Why your iPhone may never be Made in the USA ... "Made in America" is rare, even though polls show Americans want it.


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The manufacture in America movement is a scam. It will never happen.

In 2011 Steve Jobs said the overseas jobs "will never come back".

Steve Jobs was a rational realist while the scammers claiming jobs can return to the USA are fantasizers, dreamers, and scammers.

American retailers make bigger profits from selling Chinese goods than they would from selling US manufactured goods.

The same applies in Australia. If any product in Australia becomes successful it will have to move overseas, probably to China because Australia doesn't have the ability or resources for large-scale manufacturing.


... Today, millions more American manufacturing jobs have shifted overseas, and many companies almost entirely rely on factories that are a boat, plane or long-haul drive away from their customers. But now that may be starting to change.

The COVID-19 pandemic exposed how fragile this whole system is. Many factories in China were forced to shut down as the virus began its spread. But that wasn't all. Even as Chinese factories began to slowly restart manufacturing, companies faced disruptions in shipping, trucking, air travel. And soon enough, shelves in stores around the country started to go empty.

Manufacturing experts and advocates say the last year highlighted how, even in a pinch, American factories haven't been able to fill the gap. It's also partly why in January, President Joe Biden signed an executive order bolstering "Buy American" rules, encouraging the federal government to spend its multitrillion-dollar budget purchasing goods with up to 75% of parts made in the US. Boosting demand for American products, he hopes, will get companies to start reinvesting in manufacturing back home to fill that demand.

Those jobs aren't coming back.
Apple's Steve Jobs in 2011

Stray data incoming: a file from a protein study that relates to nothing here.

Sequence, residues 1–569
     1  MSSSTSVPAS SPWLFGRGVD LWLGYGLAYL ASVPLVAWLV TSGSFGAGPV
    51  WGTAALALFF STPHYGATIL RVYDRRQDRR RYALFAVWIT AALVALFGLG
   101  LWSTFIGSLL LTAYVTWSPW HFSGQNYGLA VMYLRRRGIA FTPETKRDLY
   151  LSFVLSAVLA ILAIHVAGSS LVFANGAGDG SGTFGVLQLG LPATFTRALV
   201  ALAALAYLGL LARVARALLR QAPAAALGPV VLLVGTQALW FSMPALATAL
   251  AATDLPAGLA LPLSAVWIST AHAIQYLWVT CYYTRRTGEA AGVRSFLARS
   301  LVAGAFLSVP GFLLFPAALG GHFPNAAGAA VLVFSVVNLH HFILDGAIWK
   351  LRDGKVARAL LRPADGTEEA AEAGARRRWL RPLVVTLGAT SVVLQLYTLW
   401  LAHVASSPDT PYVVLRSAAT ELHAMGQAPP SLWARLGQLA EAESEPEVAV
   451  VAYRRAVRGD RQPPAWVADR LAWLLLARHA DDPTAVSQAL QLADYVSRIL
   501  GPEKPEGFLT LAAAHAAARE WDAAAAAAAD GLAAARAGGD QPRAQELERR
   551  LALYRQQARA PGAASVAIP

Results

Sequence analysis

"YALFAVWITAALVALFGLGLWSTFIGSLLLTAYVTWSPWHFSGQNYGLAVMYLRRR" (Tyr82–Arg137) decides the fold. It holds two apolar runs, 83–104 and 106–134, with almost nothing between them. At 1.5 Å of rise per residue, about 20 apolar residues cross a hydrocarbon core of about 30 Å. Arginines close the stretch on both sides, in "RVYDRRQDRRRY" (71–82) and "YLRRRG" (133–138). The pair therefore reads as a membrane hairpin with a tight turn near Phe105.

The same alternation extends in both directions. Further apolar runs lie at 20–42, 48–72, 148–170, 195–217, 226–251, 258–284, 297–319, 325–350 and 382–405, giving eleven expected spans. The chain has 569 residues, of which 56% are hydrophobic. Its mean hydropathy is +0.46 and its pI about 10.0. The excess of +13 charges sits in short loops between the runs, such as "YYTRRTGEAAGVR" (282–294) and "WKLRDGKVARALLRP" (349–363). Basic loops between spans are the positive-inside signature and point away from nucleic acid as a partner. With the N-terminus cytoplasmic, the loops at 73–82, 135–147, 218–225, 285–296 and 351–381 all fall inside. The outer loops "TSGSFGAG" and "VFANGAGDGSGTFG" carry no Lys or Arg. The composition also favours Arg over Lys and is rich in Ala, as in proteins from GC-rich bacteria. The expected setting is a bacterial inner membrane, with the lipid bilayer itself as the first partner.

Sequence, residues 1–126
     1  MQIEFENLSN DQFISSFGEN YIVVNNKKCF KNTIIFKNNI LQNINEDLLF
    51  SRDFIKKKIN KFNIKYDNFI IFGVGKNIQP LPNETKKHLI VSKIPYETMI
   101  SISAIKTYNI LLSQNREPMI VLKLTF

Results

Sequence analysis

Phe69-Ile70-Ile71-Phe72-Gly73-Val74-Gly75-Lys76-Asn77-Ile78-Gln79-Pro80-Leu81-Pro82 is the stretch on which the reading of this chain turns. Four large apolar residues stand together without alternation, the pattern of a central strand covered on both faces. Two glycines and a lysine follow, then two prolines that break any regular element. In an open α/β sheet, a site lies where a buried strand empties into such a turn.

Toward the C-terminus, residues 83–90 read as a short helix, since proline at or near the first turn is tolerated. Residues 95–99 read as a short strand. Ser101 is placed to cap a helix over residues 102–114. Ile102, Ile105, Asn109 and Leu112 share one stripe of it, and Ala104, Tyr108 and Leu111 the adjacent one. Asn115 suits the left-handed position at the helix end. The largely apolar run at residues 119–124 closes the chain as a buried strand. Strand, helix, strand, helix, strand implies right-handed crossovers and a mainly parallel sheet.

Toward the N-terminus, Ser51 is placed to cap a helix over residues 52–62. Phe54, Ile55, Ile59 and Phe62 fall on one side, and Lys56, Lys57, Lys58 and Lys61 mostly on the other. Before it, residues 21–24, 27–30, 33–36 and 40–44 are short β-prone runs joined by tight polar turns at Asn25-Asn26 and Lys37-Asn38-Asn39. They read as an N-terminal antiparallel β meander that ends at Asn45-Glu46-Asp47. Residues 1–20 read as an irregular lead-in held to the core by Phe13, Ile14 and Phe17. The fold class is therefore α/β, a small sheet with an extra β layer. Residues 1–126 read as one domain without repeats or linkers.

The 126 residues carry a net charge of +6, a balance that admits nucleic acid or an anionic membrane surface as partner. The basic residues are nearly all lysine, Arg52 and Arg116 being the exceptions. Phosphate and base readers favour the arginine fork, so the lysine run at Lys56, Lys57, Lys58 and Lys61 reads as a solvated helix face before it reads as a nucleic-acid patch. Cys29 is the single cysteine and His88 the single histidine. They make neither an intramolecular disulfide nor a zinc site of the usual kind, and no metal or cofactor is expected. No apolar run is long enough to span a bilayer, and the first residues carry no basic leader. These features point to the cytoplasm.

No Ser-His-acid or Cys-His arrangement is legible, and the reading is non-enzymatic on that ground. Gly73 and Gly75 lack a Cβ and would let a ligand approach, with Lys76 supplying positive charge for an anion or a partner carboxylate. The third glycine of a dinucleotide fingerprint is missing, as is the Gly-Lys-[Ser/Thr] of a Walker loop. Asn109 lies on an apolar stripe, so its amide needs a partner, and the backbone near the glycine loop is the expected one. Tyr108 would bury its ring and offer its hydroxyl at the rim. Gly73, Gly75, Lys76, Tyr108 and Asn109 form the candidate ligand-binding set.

Biden isn't alone in trying to solve this problem. Jobs' successor, CEO Tim Cook, pledged in April that Apple will spend $430 billion on US investments that'll add 20,000 jobs in the United States over the next five years to work on 5G wireless, artificial intelligence and silicon chips.

But there's a limit to how far this can go. Even with that multibillion-dollar investment, it's unlikely Apple and Cook will make US manufacturing the next big thing for key Apple products. The iPhone, Apple's top moneymaker, will most likely continue to be assembled at factories in China for many years to come. To make that change, the US would need to spend years investing in new manufacturing technologies while offsetting lower wages and other costs from overseas, experts and advocates say. The United States would also need to rebuild its apprenticeship and education systems to improve the pipeline of American workers for manufacturing jobs, and convince people it's a worthwhile career field to join.

Robert Rodriguez/CNET
The global supply chain of parts for the products Americans love — mobile phones, cars, computers, refrigerators, silverware, patio furniture — would need to expand back to American shores too.

But perhaps the biggest hurdle to American manufacturing is you and me, our friends and families. We vote with our wallets. And even though "Buy American" polls well, we all seem to keep buying stuff no matter where it comes from. ...